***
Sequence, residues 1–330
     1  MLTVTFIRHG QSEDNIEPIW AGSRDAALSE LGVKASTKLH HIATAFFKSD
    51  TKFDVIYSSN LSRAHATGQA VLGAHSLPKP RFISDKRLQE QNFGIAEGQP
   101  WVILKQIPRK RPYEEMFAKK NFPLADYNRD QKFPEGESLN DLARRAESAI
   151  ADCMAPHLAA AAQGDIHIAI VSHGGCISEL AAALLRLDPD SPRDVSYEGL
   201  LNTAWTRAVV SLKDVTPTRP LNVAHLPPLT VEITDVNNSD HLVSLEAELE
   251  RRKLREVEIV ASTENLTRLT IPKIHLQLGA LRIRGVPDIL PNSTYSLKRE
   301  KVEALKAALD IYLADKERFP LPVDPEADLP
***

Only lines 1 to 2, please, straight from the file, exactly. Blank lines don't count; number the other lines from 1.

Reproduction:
Sequence, residues 1–330
     1  MLTVTFIRHG QSEDNIEPIW AGSRDAALSE LGVKASTKLH HIATAFFKSD